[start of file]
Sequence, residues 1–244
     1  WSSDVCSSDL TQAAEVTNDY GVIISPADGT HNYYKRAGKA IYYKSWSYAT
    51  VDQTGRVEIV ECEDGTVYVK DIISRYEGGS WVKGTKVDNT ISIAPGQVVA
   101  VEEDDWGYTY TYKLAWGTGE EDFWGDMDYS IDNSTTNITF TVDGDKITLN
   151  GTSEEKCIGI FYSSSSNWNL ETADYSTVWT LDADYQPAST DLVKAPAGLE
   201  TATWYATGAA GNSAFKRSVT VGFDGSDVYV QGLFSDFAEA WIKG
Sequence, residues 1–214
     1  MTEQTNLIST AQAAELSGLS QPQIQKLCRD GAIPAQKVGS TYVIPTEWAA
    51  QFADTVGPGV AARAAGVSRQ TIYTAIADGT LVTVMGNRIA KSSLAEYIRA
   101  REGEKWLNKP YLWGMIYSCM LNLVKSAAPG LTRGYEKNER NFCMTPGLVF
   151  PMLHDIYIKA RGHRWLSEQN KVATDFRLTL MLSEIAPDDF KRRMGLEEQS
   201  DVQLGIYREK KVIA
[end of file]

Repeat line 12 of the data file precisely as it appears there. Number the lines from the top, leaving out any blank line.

   201  DVQLGIYREK KVIA